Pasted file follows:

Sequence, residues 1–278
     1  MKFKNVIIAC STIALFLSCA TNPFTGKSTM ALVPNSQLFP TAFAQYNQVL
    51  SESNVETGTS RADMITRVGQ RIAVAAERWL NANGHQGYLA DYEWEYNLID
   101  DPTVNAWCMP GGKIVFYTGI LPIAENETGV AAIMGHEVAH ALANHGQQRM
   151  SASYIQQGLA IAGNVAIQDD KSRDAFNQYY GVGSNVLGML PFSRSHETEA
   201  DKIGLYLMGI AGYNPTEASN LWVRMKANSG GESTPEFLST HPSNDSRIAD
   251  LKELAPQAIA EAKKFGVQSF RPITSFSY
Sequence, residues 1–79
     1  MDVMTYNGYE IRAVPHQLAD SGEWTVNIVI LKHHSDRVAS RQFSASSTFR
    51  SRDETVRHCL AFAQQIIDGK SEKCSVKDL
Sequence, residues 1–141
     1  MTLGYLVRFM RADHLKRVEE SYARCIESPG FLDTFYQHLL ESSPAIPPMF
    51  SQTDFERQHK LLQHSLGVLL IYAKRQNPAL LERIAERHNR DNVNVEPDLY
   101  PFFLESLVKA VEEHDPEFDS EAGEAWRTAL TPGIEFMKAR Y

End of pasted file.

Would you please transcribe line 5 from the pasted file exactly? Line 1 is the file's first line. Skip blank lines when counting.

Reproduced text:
   151  SASYIQQGLA IAGNVAIQDD KSRDAFNQYY GVGSNVLGML PFSRSHETEA